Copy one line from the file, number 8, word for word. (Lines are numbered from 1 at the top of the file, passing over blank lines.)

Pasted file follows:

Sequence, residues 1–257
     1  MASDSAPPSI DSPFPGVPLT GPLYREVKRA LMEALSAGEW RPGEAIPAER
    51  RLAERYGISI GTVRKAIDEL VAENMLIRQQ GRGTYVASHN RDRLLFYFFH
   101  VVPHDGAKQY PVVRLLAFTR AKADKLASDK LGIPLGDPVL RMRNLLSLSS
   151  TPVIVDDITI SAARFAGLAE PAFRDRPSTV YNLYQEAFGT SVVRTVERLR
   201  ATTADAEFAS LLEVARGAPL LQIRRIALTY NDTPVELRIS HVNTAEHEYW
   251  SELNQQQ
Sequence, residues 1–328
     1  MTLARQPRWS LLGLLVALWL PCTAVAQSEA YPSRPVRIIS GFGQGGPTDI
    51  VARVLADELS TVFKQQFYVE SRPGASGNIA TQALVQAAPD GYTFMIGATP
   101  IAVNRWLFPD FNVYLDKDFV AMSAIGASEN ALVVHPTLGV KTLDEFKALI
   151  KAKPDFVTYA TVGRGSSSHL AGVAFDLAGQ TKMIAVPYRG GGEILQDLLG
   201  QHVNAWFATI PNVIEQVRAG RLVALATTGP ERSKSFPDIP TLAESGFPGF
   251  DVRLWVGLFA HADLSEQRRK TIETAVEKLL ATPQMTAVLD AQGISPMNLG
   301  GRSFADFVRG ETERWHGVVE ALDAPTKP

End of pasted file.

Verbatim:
Sequence, residues 1–328